Kansas Professional Licensing Attorney Explains The Kansas Board Of Healing Arts Sanction Guidelines-Part Two Of Four

The Kansas Board of Healing Arts (“the Board”) promulgated its sanctioning guidelines in 2008. The Board issued a sanction grid to accompany the guidelines.  The Board grouped laws and regulations under headings describing a particular type of misconduct. The grid compares the severity of the allegations to the licensee’s prior record of discipline. Then a sliding scale determines the appropriate sanction for the alleged misconduct.  The Board made it very clear: it reserves the right to order any lawful sanction it sees fit within the bounds of its discretion and is not limited by the guidelines.  Nonetheless, the guidelines assist licensees facing discipline understand the potential discipline they face and can advocate for alternatives. Kansas professional licensing attorney Danielle Sanger is a tireless advocate for licensees facing discipline and will use the guidelines to your advantage.

The Board divided the guidelines into ten general categories of professional misconduct. The first through the fifth categories are discussed here; whereas categories six through ten are discussed in a subsequent article. The first category of misconduct falls under the general heading of “competence.” The Guidelines list multiple potential violations under the general category of competence. The Board’s rationale for sanctioning lack of competency is very clear. The Board follows the ruling of the Kansas Supreme Court regarding incompetence in the healing arts. The Court stated, as quoted in the guidelines, “[n]o conduct or practice could be more devastating to the health and welfare of a patient or the public than incompetency . . .” Consequently, the Board seeks to sanction incompetence for failing to adhere to the appropriate standard of care resulting in gross negligence or repeated instances of ordinary negligence. Incompetence applies to the practitioner’s actions and his or her actions about the supervision of another healing art professional.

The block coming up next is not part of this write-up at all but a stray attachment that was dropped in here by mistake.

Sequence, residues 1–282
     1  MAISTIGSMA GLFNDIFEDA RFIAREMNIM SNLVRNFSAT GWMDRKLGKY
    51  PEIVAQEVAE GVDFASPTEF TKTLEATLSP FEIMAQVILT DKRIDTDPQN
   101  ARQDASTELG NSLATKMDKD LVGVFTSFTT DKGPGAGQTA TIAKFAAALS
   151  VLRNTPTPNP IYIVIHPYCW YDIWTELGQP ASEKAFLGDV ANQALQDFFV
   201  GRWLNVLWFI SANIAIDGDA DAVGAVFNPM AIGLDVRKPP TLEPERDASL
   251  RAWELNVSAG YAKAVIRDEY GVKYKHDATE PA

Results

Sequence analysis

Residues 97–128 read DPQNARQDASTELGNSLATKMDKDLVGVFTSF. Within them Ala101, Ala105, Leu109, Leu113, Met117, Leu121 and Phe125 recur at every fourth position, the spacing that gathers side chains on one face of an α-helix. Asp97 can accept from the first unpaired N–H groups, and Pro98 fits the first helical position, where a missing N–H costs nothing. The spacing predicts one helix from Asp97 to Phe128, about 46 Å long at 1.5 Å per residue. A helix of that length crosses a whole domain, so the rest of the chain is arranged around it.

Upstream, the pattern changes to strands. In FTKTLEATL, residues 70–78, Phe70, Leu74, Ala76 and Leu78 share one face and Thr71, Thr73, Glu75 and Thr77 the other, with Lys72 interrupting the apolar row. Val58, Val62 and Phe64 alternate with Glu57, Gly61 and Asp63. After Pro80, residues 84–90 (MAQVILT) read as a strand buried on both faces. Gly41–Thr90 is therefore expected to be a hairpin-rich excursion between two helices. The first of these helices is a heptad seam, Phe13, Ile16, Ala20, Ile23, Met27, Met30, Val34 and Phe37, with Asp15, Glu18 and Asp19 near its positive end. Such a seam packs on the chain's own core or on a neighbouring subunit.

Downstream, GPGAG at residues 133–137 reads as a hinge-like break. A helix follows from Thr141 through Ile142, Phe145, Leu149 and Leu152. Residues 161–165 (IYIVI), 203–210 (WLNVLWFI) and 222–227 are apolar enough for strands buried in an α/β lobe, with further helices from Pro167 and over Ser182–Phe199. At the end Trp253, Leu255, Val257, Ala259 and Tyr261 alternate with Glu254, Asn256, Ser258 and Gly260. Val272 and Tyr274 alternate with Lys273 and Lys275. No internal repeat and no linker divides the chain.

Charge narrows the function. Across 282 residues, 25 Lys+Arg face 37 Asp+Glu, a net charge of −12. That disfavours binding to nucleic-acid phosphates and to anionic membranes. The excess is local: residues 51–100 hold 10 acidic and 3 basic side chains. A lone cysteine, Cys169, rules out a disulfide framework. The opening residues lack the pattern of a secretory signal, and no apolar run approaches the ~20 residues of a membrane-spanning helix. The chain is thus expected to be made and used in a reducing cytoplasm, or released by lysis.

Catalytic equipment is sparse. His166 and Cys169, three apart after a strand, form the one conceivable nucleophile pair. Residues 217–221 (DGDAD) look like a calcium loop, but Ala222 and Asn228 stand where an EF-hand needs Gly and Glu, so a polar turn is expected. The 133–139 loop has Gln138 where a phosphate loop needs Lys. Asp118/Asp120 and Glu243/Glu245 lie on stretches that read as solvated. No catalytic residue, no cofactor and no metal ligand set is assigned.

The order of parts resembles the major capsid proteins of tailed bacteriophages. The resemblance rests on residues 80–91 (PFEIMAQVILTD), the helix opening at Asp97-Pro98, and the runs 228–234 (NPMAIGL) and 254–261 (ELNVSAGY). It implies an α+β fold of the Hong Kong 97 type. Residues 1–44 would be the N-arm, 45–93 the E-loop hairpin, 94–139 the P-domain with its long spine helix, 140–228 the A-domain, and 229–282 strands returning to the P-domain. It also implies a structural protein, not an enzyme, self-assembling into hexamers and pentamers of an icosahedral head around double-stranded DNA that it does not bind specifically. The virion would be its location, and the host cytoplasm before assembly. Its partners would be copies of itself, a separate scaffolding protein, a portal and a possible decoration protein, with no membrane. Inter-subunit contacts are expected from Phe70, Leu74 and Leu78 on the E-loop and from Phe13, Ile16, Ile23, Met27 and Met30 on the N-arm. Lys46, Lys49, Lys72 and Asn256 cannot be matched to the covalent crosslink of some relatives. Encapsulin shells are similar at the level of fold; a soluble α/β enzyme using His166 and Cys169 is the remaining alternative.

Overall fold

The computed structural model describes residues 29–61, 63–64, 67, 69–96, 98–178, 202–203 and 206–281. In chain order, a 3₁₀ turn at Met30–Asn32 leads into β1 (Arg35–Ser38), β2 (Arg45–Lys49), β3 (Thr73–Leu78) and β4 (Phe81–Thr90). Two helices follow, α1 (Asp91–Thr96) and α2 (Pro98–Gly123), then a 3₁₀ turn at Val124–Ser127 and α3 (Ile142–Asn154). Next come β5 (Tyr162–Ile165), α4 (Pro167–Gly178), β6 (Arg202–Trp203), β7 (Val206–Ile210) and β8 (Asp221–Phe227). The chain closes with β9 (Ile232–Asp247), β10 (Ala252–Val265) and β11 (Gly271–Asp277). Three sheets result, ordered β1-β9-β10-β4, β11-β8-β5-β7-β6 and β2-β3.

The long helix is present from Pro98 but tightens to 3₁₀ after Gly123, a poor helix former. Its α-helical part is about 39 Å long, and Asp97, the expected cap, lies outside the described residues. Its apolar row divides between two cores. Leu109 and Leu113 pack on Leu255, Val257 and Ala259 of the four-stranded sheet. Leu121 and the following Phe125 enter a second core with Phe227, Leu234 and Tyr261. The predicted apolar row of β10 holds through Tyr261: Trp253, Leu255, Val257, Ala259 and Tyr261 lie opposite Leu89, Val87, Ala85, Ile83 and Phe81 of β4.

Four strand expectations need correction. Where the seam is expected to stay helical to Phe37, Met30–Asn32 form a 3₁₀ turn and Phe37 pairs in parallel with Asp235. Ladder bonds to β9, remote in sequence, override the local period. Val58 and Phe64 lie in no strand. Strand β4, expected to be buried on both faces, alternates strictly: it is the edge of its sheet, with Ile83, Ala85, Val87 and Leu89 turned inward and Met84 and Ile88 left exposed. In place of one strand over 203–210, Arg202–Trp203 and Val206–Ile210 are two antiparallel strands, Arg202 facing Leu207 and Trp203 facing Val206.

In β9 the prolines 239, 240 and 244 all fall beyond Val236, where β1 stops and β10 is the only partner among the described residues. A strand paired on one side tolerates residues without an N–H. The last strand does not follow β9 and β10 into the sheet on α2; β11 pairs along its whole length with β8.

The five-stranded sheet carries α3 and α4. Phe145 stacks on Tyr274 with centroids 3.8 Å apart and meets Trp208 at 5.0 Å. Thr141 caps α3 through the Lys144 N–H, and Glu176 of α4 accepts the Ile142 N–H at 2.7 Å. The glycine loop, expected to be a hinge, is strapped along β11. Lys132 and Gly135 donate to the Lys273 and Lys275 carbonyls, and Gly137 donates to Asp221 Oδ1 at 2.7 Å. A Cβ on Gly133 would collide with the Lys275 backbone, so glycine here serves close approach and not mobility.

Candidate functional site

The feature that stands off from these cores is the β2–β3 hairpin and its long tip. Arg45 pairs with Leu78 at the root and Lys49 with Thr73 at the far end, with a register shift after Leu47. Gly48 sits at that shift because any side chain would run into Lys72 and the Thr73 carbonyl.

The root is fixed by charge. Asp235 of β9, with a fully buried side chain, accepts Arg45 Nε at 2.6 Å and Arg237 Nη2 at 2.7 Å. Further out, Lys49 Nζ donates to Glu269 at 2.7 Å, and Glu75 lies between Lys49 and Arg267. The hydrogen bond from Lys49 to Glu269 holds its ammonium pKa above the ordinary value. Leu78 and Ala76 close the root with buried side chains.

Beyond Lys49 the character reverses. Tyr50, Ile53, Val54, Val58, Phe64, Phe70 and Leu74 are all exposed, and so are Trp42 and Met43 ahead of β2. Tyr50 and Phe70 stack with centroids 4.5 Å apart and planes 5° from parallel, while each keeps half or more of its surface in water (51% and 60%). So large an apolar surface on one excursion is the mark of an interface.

The Board describes the second category of sanctionable offenses as general misconduct. The Board defines misconduct as conduct that is “unsafe or improper.” According to the Board, general misconduct is dishonorable conduct or unprofessional conduct as well.  The Board further defines misconduct as conduct that does not conform to the standards necessary to protect the public from harm.  The Board defines professionalism as qualities of integrity, respect, and compassion. Misconduct is the exact opposite: unethical, corrupt, and dishonest. The Guidelines state clearly that the sanction for misconduct is punitive in nature, rather than remedial.

Criminal conduct is sanctionable by the Board. The Board concerns itself with the criminal conduct of its members because criminal conduct is evidence of lack of fitness for treating patients. The Board is also concerned about the public trust deteriorating if criminal acts committed by its members went unpunished. The Board announced in the Guidelines that discipline for criminal acts must be punitive in nature. The Board considers criminal conduct as serious in nature under the sanction grid when fashioning discipline.

The fourth category of misconduct is sexual misconduct. Sexual activity between consenting adults is misconduct if one of the consenting adults is a patient. Exploiting vulnerable patients for sexual gratification is not only a crime but a very serious violation of the ethical rules. The Guidelines call for the revocation of the license if allegations such as these are proved. The Board has a zero-tolerance policy for sexual misconduct involving a minor and counsels such intolerance extend to sexual contact with an adult as well. Sexual misconduct extends to the work environment. Sexual advances made by a supervising licensee to a subordinate create an untenable situation and must be sanctioned. The Board considers sexual misconduct such as sexual harassment to be a serious offense and has enumerated many factors to consider when deciphering an appropriate sanction.

The fifth category of misconduct involves business transactions. Misconduct involving business transactions ranges from over charging, fee-splitting, and welfare fraud to business transactions involving patients. This category of misconduct falls in the middle of the sentencing grid.

Kansas Professional Licensing Attorney Danielle Sanger will fight to protect your livelihood. Attorney Sanger is a zealous advocate for her clients. Call attorney Sanger today at 785-979-4353 to schedule your free consultation.